Bombard Electric electrical experts Frank Cudia and Tina Long, on the roofing system, and Debbie Long install photovoltaic panels on a home in Las Vegas.
Wednesday, Aug. 5, 2015|1:55 p.m.
CARSON CITY– Supporters for rooftop solar setups are accusing NV Energy of attempting to kill their industry with a brand-new set of proposed rates for net metering customers– those who have photovoltaic panels at home and sell excess energy back to the utility.
Agents from The Alliance for Solar Option state the proposition submitted late last week might mean clients would not minimize utility costs when they set up photovoltaic panels, when the expense of setting up and leasing the panels is factored in.
“This is extreme and unmatched. This proposal could get rid of all cost savings for solar customers,” stated Lauren Randall, a spokeswoman for the alliance, whose members include huge rooftop solar business. “This eliminates the solar market that employs 6,000 individuals.”
The almost 500-page proposal belongs to a compromise reached by the Nevada Legislature this spring over the state’s cap on net metering. The arrangement requires the Nevada Public Utilities Commission to adopt brand-new policies and rates for net metering that will apply to solar clients who sign up after the cap is reached.
The proposed rate system would keep solar clients’ energy expenses about 33 percent lower than traditional customer bills, according to the filing. That’s not as deep a discount rate as the 52 percent solar clients save now, but NV Energy said it better reflects the actual expenses of solar customers using the utility business’s facilities.
NV Energy said that while solar clients might utilize less energy, the business still should keep costly transmission lines and power plants at the ready for solar consumers during the night or when a cloud passes overhead.
“No roof solar client really leaves (the grid),” stated Kevin Geraghty, NV Energy’s vice president of energy supply. “On days when their system isn’t really working, our clients expect perfection.”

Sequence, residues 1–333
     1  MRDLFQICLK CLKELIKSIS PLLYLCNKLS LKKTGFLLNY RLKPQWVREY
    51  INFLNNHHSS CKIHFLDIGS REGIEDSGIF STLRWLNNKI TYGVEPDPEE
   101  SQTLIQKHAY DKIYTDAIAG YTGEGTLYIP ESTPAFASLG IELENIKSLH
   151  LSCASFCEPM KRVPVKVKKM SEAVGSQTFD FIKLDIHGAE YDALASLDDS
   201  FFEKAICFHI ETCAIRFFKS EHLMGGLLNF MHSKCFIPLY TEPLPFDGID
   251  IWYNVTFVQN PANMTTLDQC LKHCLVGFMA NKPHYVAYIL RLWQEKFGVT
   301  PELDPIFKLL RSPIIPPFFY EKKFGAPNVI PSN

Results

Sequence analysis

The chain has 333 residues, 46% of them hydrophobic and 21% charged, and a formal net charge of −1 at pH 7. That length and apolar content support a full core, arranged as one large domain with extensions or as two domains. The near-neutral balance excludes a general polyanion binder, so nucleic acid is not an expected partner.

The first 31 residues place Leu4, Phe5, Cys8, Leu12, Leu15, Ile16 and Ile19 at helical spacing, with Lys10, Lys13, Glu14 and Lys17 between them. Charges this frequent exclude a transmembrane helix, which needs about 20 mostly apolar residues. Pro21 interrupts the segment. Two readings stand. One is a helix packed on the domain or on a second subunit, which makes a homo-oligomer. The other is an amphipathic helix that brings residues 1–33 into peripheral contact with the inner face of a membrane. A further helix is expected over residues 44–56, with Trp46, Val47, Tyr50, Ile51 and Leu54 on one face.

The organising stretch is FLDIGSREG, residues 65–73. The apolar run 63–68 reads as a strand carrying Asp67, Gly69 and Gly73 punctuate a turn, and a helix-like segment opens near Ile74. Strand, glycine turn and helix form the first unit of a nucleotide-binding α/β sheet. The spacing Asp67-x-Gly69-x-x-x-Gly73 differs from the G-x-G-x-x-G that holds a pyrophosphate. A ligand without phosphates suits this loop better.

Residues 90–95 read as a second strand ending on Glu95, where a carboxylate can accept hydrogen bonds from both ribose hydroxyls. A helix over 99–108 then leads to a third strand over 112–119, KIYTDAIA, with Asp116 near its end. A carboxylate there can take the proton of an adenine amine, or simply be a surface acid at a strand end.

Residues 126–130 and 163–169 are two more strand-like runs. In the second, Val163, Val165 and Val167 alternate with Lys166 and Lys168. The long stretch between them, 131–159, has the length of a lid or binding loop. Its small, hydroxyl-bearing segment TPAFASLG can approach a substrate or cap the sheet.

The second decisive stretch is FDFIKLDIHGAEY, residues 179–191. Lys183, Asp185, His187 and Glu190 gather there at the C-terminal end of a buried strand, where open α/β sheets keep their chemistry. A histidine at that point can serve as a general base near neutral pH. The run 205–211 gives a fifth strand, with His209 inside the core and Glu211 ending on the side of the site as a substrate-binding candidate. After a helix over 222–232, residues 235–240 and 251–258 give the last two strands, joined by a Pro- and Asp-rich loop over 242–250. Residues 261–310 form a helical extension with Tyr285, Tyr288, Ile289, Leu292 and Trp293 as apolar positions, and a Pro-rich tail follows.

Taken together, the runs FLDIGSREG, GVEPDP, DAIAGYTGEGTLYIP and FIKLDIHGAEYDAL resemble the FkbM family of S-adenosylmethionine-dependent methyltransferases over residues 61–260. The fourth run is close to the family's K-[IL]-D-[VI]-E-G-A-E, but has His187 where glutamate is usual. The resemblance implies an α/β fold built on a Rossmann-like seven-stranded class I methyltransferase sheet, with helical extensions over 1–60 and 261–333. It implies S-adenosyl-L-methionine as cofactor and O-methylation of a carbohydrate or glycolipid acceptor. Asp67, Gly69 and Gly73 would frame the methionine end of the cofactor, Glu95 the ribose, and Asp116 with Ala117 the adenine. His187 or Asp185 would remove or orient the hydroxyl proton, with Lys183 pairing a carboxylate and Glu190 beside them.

The energy business also said the existing net metering structure passes costs from solar clients to traditional consumers, in part due to the fact that the price of solar energy is falling. It’s now less costly for NV Energy to purchase power from large solar plants than clients with rooftop systems.
2 new solar plants in the works will certainly produce 200 MW of energy for NV Energy at an expense of about 4 cents per kilowatt, while NV Energy is required to buy back 235 MW of power from all rooftop systems in Nevada at triple the expense– 12 cents a kilowatt.
“Utility-grade solar is a better deal,” Geraghty stated.
The PUC has until completion of the year to embrace a new rate structure, and is arranged to fulfill next week to determine what should take place if the state reaches the net metering cap prior to the new guidelines remain in location. Solar supporters have prepared a protest Thursday outside NV Energy head office to bring attention to their issues, and are appealing to Gov. Brian Sandoval, saying he has to lead and save jobs.
“The PUC is selected by Sandoval. He’s ultimately responsible for exactly what occurs at the PUC,” Randall stated.
That’s a point Sandoval’s office differs with.
“The Public Utilities Commission is a separate, independent entity from the workplace of the guv,” Sandoval spokeswoman Mari St. Martin said. “The governor’s office can not dictate the timeline by which the PUC acts nor are decisions issued by the PUC topic to the guv’s approval or testimonial.”
At the same time, Geraghty said he had no doubt rooftop solar companies can find a practical business design under the proposed rates, specifically as the cost of solar panels falls. He said the existing web metering structure and cap were implied to nurture the solar industry in its infancy but aren’t sustainable in the long run.
“They’re taking advantage of that subsidy,” Geraghty stated, while the new rates would be “consuming into their margins.”
“The fact of the matter is, this market is up on its own legs,” he said.